Melanie McDonagh

Feminist children’s books

Feminist children’s books
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A friend of mine who commissions book reviews has added a sub-category to the list of titles coming up: ‘femtrend’, books about the female condition from a feminist perspective. ‘Grit lit is over,’ she says wearily, referring to edgy books about the marginalised. ‘Now publishers can’t get enough of the feminist trend about women who for centuries have been airbrushed out of history by toxic masculinity and oppressive patriarchy. Airbrushing the toxic white male. Female tribes. Modern courtesan. Now it’s draining down into children’s books too.’

It started with Good Night Stories for Rebel Girls, a collection of accounts of inspirational role models; Malala, Maya Angelou et al, which was bought by Penguin Random House and became last year’s surprise publishing sensation. It was immediately apparent to me that what I was looking at was the contemporary version of the saint stories I had as a child: modern hagiography, intended to inculcate devotion and imitation.

Every bookshop has its own feminist shrine: a selection of books commemorating important women — Great Women Who Changed the World; Fantastically Great Women Who Made History; Rosie Revere, Engineer; Women in Sport; Rebel Voices — The Rise of Votes for Women; I Know a Woman — The Inspiring Connections Between the Women Who Have Shaped Our World. To some extent this is fine, given this is the centenary of female suffrage. But it’s still groupthink in book form. See the promotional board with a picture of a feisty tot in a headscarf, her biceps curled, saying: ‘We can do it.’ The motto is: books to inspire the next generation of amazing women.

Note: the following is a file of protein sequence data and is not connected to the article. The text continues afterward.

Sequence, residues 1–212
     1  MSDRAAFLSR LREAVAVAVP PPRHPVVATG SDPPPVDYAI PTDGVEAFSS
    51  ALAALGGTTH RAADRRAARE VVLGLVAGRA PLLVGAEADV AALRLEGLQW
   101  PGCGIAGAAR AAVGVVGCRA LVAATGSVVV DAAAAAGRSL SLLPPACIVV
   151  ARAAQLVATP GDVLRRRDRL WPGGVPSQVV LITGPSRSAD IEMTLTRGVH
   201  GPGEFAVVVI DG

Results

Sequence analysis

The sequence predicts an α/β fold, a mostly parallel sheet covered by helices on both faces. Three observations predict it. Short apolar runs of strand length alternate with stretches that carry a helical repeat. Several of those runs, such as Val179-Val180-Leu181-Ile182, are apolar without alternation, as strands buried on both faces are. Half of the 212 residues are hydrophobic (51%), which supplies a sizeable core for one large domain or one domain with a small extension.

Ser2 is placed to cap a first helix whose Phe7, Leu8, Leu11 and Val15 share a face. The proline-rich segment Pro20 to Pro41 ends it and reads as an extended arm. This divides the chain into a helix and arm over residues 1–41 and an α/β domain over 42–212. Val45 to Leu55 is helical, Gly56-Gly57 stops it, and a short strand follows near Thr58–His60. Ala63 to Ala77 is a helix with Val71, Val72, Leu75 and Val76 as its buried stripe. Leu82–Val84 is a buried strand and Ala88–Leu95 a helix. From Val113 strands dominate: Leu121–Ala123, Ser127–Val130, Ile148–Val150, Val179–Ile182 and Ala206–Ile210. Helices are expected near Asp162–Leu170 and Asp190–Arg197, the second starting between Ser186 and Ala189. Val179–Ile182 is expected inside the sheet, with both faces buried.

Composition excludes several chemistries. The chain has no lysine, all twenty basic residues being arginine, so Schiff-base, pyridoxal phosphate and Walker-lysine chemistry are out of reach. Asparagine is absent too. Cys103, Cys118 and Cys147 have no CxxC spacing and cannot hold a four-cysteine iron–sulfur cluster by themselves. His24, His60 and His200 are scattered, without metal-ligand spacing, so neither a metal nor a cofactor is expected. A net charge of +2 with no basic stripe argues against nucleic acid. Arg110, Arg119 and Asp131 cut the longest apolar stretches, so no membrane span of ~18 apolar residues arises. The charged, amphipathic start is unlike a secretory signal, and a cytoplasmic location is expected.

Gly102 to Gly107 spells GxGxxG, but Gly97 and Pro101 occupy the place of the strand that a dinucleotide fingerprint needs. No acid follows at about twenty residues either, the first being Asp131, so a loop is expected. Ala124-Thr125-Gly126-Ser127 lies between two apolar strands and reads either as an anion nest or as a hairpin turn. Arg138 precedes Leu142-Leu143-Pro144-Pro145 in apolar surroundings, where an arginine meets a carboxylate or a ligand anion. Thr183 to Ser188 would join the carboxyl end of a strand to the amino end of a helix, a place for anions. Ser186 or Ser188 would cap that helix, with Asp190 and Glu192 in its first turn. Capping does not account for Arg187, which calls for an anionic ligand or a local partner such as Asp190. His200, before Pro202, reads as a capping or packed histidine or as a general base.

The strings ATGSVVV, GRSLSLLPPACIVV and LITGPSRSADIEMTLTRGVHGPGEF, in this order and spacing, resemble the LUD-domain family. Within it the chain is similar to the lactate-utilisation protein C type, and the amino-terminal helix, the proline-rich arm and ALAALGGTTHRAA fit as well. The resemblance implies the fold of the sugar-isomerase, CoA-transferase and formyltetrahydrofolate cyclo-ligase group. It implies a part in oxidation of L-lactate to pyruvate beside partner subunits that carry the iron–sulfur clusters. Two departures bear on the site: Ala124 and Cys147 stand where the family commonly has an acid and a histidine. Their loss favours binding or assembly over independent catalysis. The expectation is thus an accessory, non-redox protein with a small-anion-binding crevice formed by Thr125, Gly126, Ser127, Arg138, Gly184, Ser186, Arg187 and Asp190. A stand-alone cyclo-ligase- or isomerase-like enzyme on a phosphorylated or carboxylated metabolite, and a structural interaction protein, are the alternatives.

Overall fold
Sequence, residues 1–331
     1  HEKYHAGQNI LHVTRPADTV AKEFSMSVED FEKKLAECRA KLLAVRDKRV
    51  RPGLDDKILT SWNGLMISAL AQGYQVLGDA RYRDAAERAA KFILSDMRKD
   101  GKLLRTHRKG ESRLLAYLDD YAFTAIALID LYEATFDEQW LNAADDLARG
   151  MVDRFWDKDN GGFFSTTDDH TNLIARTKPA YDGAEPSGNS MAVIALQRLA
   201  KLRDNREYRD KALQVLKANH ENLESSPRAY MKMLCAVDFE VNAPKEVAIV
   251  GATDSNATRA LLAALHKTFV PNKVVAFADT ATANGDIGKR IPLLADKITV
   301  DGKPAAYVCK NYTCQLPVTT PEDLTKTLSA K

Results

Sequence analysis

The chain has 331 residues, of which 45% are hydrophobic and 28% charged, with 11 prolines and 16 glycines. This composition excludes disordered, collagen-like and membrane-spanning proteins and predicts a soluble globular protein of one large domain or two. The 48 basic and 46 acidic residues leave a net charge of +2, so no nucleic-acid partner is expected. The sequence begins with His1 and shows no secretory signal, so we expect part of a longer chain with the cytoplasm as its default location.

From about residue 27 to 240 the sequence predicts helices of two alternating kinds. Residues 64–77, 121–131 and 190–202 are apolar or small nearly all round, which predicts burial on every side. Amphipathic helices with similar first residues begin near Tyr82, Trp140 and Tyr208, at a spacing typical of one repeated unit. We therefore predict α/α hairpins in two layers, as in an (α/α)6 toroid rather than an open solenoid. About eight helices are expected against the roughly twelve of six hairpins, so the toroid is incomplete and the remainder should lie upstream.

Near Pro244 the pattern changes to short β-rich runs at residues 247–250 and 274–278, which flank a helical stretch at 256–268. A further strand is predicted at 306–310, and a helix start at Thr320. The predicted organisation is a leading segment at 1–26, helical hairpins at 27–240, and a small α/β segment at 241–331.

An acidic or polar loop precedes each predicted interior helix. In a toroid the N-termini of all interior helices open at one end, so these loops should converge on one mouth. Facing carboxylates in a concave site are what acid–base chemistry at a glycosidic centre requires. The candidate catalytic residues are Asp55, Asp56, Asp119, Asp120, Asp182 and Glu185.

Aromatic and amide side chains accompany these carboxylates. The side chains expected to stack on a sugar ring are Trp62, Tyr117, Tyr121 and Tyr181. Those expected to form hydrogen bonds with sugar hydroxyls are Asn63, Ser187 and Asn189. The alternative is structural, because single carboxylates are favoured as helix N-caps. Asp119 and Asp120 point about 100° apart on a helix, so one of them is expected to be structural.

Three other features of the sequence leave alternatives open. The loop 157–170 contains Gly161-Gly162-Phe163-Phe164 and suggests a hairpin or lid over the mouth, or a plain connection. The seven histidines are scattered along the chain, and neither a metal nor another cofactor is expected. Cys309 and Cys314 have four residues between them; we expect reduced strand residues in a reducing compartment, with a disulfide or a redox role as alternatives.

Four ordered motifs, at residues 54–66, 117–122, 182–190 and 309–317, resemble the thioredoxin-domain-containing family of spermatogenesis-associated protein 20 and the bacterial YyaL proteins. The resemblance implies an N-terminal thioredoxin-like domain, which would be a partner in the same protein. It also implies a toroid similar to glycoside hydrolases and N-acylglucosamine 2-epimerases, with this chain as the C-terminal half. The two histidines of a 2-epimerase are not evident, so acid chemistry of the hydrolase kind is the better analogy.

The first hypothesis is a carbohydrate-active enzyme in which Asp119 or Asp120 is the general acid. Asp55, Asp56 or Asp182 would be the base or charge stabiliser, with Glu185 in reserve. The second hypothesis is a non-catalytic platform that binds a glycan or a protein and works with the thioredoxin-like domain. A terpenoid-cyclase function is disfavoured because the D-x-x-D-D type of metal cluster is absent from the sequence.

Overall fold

The quintessence of the genre is, as you’d expect, Chelsea Clinton’s latest: She Persisted, Around the World: 13 Women Who Changed History. On the cover there’s one white girl in a wheelchair and two Indian-looking girls, one with a stethoscope, another with a plant. A medic and a scientist obviously. ‘It’s not always easy being a girl, anywhere in the world. It’s especially challenging in some places,’ our author observes. Yes, in Saudi Arabia; we get that. And possibly in Saudi the book may be useful.

Femtrend isn’t only non-fiction. One treat coming up from Bloomsbury is The Restless Girls, a retelling of the Grimms’ The Twelve Dancing Princesses. Except, this is a version in which the brave soldier who finds out what the girls have been up to is a ... whoops! Nearly gave the plot away. The introduction gives a clue too: this is about ‘keeping a sisterhood alive and observing and criticising the status quo’. Of course!

Don’t think that boys are excluded from all this. One new title from Walker Books for younger readers is Julian is a Mermaid, a boy who encounters mermaids in the company of his abuela, or granny-figure; an exciting transgender exercise. Which brings us to the next version of the genre: Boys Who Dare to be Different. So we get Ai Weiwei and Barack Obama. Good Night Stories for Rebel Boys, then.

In other words, what Lionel Shriver observed about publishing for grown-ups, which privileges diversity above actual readability, is equally true of children’s books. This is Gramscian cultural hegemony inculcated on the get ’em young principle. What it doesn’t promise is a good read.